- [Overall] Rating = Offense + Bombing + Planets ratings combined.
- Mathematics based measurements of player skill in games is one of those topics we intend to discuss at greater length in future posts.
Team versus Team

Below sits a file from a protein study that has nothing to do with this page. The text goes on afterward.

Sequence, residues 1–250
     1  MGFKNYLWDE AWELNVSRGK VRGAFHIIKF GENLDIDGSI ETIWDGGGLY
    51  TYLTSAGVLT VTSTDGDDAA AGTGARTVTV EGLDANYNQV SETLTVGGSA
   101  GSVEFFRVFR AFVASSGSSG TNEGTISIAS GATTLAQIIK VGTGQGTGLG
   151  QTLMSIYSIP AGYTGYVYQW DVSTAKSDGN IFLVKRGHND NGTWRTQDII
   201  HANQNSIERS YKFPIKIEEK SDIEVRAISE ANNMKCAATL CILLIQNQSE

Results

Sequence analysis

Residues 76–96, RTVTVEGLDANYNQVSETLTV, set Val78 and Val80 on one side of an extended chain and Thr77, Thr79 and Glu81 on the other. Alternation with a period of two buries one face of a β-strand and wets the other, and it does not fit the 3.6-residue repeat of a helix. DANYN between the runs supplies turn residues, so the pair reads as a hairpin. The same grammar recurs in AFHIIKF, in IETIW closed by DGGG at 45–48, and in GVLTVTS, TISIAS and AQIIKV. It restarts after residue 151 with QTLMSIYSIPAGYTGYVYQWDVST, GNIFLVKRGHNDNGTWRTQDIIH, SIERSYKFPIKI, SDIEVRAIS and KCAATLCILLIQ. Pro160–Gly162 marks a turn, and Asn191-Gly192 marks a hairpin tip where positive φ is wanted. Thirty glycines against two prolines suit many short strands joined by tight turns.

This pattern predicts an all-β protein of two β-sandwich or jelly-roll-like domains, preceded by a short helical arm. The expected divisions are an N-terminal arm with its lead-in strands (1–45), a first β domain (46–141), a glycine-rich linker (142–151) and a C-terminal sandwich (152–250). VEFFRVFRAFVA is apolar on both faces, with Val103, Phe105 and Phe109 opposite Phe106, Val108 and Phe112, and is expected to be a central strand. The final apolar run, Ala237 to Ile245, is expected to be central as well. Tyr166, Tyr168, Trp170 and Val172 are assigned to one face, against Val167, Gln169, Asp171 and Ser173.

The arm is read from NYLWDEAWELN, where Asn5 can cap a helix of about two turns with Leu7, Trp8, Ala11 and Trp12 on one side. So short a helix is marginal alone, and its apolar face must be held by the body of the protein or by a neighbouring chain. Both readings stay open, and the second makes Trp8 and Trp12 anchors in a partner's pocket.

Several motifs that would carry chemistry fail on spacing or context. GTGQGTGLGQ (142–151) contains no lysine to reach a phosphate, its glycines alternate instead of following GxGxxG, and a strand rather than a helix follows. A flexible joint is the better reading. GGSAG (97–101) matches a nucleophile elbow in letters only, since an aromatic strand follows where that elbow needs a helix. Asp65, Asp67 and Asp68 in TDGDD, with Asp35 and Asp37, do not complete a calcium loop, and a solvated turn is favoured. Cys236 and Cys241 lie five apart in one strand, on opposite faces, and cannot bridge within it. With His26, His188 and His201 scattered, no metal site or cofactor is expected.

This is where the game of Netrek really shines. And if we could measure the skill of a netrek team with a sort of Elo score in the same way we might measure individual skill, we’re pretty sure the depth of Netrek would approach that of Chess. Tournament mode (T-mode) play in Netrek has an underlying mathematical structure that is actually fairly simple. We want to deconstruct the games and point out where the basic mathematics applies to the team games. Suppose we have the following simple game: 20 Coins are laid out on a table with 10 heads and 10 tails. Two players, one represented by heads and the other by tails, each turn both players choose one coin and flip it, with the object of making all the coins either heads or tails (with 50/50 chance). Obviously the heads-player will select any coin showing tails and flip it, trying to get it to come up heads, and the tails player will do the opposite. This game is essentially a discrete random walk, and with every turn (one flip for each player) there is a 25% change a player will gain a coin, 25% chance they will lose a coin, and a 50% chance that things stay the same. This is in concept very close to a completely random T-mode Netrek game. (This might also be stated as a Markov chain.) This is in concept impossible to actually win, either by Genocide (all planets) or Timer (all but three planets for ~20 minutes). Therefore, most wins probably occur in unbalanced games. There have been experiments with different types of scoring systems in netrek clue games. One such experiment was the WNL (World Netrek League) which used continuous scoring (cscore) where there was an incentive to take planets often. A final weighted score which factored in how fast a team took (and retook) planets determined the winner if it was an otherwise close game and no team had more than 2 planets gained over the opposing team. The first and longest netrek league was the INL (International Netrek League). Due to a decline in the playerbase there have not been INL games since 2003. There have been several draft leagues and there are still bi-monthly clue games. A purely random game like this could go on for quite some time (it might even be infinite), but suppose there were some element of skill involved so that one player (lets say heads) is a little bit more likely to get the desired result than the other. So now maybe each turn there is a 35% chance the heads-player will gain one coin, a 20% chance the tails-player will lose one coin, and a 45% chance that things stay the same. Out of ever 20 turns we would expect that heads would gain 7 coins (35% of 20) while losing 4 (20% of 20) for a net gain of 3 coins. We should expect the heads player will win in 67 turns, on average. Netrek takes this same mathematical structure and adds a lot to it (players of varying skill, a variety of ships and planets, etc.). I wonder if it is possible to measure the “team playing” skill of players in the same way as Elo scoring might be used to measure the individual dogfighting skills of players? This would be rather complicated, and likely impractical, but it is interesting to think about.